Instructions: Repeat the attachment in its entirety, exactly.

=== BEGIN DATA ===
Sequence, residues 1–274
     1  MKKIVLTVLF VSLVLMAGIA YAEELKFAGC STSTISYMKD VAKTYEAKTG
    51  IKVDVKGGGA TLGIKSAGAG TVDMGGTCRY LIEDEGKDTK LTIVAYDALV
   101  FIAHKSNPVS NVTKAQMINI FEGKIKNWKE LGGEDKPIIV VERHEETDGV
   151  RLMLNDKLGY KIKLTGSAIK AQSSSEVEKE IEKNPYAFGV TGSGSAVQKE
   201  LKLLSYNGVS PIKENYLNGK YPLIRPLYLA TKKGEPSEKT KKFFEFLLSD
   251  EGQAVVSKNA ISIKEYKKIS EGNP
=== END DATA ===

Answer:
Sequence, residues 1–274
     1  MKKIVLTVLF VSLVLMAGIA YAEELKFAGC STSTISYMKD VAKTYEAKTG
    51  IKVDVKGGGA TLGIKSAGAG TVDMGGTCRY LIEDEGKDTK LTIVAYDALV
   101  FIAHKSNPVS NVTKAQMINI FEGKIKNWKE LGGEDKPIIV VERHEETDGV
   151  RLMLNDKLGY KIKLTGSAIK AQSSSEVEKE IEKNPYAFGV TGSGSAVQKE
   201  LKLLSYNGVS PIKENYLNGK YPLIRPLYLA TKKGEPSEKT KKFFEFLLSD
   251  EGQAVVSKNA ISIKEYKKIS EGNP